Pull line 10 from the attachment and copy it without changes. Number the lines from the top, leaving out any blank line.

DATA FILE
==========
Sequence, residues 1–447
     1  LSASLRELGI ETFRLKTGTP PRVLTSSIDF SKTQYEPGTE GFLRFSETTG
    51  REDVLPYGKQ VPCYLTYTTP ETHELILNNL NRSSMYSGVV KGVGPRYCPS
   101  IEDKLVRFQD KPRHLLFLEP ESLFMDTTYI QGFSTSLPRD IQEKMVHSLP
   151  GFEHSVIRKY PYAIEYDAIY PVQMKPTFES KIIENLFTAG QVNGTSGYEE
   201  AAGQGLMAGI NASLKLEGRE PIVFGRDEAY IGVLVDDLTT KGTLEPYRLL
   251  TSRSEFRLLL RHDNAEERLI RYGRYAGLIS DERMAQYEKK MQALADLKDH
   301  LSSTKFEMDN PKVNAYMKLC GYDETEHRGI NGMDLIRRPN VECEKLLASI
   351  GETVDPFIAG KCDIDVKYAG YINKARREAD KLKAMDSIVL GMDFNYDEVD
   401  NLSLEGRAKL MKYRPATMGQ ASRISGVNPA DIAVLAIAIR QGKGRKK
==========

   401  NLSLEGRAKL MKYRPATMGQ ASRISGVNPA DIAVLAIAIR QGKGRKK